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Aromatherapy during pregnancy

Tips for the pregnant woman for essential oils and aroma massage

Author: Doreen Corbey June 18 2008

pregnant woman holding a dummy

Aromatherapy - the use of essential oils extracted from natural or plant souces to treat an ailment or maintain a person's well-being – is a very popular treatment at beauty salons these days.

An aromatherapy session can be of two types: either the aromatherapist makes up a blend of essentail oils for you based on a detailed consultation, or a masseuse (who may or may not be trained in aromatherapy) gives a massage using essential oils in the massage oil.

Note: sometimes in salons, you cannot tell the difference between these 2 types of treatment because both are given the same name and the price is often about the same, so you may want to inquire if you specifically want an oil blend to be mixed for you.

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Whichever type of aromatherapy you choose, if you are pregnant you must of course take extra care not to do anything that might harm you or your child.

The risks

No matter how much you may yearn to try aromatherapy during your pregnancy, DO NOT do it during the 1st 12 weeks. The foetus is at its most vulnerable and, although it is not proven that any complementary therapy can cause a miscarriage, it is not worth the risk. The same goes if you have been bleeding during the pregnancy.

There is also the possibility that you undergo aromatherapy or other complementary treatment but don't know you're pregnant. Be honest with the therapist and tell her/him you are trying for a baby and they will treat you as though you were pregnant.

Aroma massage

Some salons do carry out massage specifically for pregnant women. If you feel uncomfortable about lying your tummy, then don't do it, and the therapist should place you on your side with a pillow for support. When pregnant I personally preferred to sit on a chair leaning forward against the massage couch, but the setup all depends on the therapist and you.

If you do decide to have aromatherapy or any type of massage, you should first ask permission from your midwife or doctor. This is because you could have symptoms resulting from the pregnancy such as high blood pressure or varicose veins which contra-indicate a massage.

Essential oils for the pregnant woman

If you want to try aromatherapy at home, it is very easy to obtain some essential oils, put them in the bath, burn them or make your own blend. Never underestimate the potency of essential oils. Even if not applied to the skin, by breathing in the aroma, the oils enter your bloodstream. One of the safest oils to try is mandarin (citrus reticulata). You could also use a carrier oil without essential oils. Here are a few that are good for the pregnant woman:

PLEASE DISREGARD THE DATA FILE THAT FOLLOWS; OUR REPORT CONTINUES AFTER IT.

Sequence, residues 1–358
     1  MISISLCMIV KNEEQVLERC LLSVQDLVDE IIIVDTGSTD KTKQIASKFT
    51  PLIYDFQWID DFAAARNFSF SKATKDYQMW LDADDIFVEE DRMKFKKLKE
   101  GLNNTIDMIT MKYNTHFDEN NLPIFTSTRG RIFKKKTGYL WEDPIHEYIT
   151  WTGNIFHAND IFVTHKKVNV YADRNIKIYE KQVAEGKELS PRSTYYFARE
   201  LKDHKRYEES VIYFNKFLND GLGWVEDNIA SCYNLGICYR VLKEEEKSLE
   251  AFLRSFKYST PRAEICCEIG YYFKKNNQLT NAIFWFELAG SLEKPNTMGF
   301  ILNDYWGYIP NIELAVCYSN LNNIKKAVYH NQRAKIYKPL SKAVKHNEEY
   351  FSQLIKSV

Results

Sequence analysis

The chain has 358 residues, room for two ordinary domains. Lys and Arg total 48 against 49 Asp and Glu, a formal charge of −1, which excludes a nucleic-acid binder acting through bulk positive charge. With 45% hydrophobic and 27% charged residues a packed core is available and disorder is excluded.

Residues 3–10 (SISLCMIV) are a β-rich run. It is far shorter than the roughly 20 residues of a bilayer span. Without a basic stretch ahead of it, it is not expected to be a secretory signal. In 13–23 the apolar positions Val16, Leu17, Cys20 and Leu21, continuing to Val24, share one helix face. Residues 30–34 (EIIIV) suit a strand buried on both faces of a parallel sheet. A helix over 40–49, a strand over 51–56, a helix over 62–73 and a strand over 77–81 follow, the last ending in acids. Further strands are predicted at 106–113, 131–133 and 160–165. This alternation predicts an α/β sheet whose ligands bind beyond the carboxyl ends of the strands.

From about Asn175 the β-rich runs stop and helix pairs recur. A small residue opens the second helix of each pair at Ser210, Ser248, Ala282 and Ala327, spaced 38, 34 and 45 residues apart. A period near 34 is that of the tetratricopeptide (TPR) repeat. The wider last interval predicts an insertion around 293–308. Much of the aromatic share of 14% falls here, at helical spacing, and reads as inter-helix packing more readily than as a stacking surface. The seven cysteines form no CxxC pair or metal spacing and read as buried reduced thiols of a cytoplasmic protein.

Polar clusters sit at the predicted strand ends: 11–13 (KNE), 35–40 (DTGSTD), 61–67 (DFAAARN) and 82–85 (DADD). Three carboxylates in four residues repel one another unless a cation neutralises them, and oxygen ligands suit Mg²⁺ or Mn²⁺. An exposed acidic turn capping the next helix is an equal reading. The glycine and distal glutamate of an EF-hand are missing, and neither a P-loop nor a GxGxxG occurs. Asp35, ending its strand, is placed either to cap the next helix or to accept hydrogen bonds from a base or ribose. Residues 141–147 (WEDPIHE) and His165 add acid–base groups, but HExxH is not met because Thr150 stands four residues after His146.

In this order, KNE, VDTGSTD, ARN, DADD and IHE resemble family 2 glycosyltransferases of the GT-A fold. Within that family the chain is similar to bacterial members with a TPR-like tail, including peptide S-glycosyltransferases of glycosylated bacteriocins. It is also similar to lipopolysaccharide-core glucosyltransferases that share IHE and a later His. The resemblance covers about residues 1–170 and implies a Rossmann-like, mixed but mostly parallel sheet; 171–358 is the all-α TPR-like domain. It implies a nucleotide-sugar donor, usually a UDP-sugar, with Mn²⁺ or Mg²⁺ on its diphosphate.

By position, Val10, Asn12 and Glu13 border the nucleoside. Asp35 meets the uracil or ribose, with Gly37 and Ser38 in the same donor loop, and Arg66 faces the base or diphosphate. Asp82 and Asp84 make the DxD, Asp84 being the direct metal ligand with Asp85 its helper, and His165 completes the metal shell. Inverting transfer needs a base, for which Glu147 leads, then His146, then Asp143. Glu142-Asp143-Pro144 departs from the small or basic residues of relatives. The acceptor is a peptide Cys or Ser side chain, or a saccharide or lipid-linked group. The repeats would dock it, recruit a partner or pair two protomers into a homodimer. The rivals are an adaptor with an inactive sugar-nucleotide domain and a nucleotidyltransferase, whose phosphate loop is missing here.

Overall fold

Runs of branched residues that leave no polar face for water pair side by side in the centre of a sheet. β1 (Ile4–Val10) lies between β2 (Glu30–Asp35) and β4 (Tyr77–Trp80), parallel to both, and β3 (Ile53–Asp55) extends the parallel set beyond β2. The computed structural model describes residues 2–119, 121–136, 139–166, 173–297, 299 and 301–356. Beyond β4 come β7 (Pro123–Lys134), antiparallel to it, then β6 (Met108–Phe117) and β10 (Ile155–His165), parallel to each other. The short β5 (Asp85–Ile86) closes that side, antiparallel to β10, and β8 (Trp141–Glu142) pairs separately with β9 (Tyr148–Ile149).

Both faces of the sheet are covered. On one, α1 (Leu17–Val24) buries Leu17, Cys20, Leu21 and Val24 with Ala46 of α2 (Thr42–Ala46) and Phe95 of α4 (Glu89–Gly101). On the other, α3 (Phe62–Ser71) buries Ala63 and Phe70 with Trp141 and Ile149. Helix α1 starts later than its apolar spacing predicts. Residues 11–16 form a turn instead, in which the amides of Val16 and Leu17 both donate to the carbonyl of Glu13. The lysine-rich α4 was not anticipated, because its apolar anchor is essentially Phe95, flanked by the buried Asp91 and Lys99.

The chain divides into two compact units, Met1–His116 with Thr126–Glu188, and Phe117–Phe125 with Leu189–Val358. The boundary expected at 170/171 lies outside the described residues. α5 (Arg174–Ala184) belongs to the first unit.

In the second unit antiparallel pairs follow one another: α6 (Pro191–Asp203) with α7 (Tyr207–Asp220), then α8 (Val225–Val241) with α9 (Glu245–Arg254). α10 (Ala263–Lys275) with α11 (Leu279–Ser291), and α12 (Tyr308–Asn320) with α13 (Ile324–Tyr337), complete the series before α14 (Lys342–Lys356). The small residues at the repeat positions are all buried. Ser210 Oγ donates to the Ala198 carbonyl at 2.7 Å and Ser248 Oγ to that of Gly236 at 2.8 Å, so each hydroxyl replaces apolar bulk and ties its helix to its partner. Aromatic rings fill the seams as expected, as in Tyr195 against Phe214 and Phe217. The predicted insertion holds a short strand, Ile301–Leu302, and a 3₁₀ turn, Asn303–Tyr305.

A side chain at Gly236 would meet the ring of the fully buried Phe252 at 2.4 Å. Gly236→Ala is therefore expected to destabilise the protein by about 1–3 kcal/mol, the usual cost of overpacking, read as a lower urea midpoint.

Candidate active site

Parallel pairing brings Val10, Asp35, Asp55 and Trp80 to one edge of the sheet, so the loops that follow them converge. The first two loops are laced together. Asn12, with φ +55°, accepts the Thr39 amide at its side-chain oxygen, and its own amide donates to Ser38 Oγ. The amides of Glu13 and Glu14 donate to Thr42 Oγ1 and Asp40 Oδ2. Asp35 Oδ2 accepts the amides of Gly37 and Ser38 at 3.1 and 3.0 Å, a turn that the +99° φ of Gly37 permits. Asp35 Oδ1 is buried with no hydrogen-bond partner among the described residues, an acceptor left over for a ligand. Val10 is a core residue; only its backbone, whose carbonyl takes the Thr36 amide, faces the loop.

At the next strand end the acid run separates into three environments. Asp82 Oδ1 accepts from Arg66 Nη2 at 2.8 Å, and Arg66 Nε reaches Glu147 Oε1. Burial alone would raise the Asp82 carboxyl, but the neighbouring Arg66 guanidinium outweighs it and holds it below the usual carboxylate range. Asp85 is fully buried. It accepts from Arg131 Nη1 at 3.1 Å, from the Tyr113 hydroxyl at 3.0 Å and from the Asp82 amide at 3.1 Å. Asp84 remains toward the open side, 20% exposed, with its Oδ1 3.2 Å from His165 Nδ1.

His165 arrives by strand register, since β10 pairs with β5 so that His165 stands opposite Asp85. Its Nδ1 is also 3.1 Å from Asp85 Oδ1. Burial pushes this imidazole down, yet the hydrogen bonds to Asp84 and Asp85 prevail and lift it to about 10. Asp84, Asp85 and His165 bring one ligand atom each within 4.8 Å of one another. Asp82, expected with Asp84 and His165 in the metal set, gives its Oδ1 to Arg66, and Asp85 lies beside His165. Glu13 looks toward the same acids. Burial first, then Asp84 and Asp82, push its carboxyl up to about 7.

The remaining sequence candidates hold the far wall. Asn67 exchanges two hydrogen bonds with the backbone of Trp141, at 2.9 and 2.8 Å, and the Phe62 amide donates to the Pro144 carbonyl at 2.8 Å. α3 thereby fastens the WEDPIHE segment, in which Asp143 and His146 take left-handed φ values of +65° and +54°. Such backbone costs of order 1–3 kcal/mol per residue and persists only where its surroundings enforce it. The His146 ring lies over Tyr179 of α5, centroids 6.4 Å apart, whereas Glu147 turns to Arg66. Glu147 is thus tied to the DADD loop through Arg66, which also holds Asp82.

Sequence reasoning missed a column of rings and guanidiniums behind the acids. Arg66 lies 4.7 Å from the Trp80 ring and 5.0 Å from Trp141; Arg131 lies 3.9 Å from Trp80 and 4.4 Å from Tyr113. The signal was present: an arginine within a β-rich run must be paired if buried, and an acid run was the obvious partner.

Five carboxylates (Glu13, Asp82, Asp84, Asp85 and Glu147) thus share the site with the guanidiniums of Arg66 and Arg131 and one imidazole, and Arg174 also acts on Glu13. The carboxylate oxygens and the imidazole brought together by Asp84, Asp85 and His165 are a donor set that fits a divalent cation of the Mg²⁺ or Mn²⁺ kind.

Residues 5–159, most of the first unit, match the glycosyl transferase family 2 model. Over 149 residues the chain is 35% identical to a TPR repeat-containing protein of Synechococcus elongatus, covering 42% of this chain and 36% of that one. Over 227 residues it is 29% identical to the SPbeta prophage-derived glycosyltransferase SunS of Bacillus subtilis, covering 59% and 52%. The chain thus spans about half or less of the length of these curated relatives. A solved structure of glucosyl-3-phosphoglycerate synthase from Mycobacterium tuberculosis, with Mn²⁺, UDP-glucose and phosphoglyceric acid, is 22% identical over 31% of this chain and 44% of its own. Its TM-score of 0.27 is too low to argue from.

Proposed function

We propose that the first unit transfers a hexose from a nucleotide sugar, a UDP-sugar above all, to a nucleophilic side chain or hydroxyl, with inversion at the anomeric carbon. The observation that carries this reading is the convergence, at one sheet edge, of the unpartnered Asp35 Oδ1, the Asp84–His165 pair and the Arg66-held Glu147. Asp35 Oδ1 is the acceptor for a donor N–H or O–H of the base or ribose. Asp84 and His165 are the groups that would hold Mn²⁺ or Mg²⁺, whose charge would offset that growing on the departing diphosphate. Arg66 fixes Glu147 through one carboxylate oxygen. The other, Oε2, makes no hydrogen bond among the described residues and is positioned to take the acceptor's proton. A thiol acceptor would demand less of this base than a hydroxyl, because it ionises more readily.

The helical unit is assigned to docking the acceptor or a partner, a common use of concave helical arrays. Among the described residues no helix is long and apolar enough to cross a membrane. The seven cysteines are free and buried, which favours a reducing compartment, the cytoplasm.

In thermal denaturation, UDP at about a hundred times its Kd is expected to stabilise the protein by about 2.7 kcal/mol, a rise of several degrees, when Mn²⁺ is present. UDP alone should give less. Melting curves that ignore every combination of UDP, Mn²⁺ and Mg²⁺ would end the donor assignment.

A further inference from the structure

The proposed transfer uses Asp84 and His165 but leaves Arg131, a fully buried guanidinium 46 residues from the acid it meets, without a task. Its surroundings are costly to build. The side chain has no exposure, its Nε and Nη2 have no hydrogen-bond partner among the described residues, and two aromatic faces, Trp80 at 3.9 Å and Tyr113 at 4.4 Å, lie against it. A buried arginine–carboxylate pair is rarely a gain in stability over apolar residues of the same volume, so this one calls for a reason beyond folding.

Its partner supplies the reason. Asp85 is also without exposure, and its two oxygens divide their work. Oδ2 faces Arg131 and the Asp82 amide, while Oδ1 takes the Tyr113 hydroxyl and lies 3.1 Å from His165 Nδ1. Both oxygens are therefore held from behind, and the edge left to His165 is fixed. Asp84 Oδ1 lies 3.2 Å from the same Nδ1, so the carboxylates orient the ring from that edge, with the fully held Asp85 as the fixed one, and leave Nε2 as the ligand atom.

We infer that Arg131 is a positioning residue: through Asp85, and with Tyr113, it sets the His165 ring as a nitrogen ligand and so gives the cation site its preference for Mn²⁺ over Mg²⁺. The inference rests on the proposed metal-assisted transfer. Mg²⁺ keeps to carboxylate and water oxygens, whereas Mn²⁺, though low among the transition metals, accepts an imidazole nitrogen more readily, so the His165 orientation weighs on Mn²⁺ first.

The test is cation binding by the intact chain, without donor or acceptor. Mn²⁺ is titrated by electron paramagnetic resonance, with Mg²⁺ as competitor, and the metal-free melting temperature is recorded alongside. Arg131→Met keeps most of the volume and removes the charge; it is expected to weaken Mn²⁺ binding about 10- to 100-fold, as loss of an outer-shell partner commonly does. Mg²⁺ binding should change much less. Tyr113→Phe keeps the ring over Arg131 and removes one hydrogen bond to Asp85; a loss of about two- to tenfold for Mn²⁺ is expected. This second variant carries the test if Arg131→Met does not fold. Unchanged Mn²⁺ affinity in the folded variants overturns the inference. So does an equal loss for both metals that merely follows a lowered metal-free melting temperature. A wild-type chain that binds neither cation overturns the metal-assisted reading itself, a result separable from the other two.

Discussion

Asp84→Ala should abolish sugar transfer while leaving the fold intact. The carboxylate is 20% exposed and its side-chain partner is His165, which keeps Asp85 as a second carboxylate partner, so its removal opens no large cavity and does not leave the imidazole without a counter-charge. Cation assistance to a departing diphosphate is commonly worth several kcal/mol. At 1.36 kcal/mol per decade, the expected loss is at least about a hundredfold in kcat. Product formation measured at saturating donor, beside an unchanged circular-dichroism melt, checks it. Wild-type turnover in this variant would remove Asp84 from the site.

• Grapeseed is an all-purpose oil, good for all skin types
  • Almond is oilier, good for itchy skins
  • Avocado, rich in vitamins A, B and D. Suits very dry skin and fatty areas. Better diluted with another oil as can be quite pungent
  • Wheatgerm is very thick and must be diluted with a thinner oil such as grapeseed. 10% dilution. Rich in vitamin E, good for dry skin
  • Peach kernel and apricot kernel are like almond oil but more expensive
  • Evening primrose rich in GLA (gamma linoleic acids) so good for dry skins and premature ageing. Quite thick so should be diluted, 10% dilution
  • Olive oil - a bit similar to almond but has a strong odour.

If you're interested in reading more, a good book is "Aromatherapy Workbook" (see below), which includes a chapter on pregnancy and babies.

Some good aromatherapy suppliers are: Tisserand, Cariad, Mother Earth, Penny Price and Eve Taylor. They sell in shops and do mail order.

Essential oils to avoid

My recommendation is, during the pregnancy, stay away from the following essential oils, which all have emmenagogue properties ie they are used to induce menstruation:

  • marjoram
  • jasmine
  • basil
  • rosemary
  • clary sage
  • melissa
  • thyme
  • juniper
  • rose damascena (until the 3rd trimester if you're healthy).

Jasmine and clary sage are especially risky and these are the oils that, if you are using a "doula", may be chosen for labour!


You may have read of potions and lotions which prevent stretchmarks, to name a few: Japanese camellia oil, calendula, St John's wort oil. I’m afraid to say I don't believe it! I have met women who have used nothing on their abdomens, have dry skin but no stretchmarks and those who've religiously plastered themselves in their chosen potion but still get a nasty surprise. Either way seems to make no difference. True, your skin will feel beautifully soft and silky - and the manufacturers will have made a packet because they always price these items more expensively, but if you're gonna to get stretchmarks, you're gonna get them!


  • "Aromatherapy Workbook" by Shirley Price

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About the Author

Doreen has had a passion for massage since she was 15 years old. She still has that passion, and offers massage, specialist facials and other beauty treatments in her home-based salon in Surrey. With any energy left over she will devour all the beauty pages of all the magazines she can lay her hands on!

Doreen's homepage: Bellessence

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Posted on 03/08/09 23:11 by: Donna Link-Emery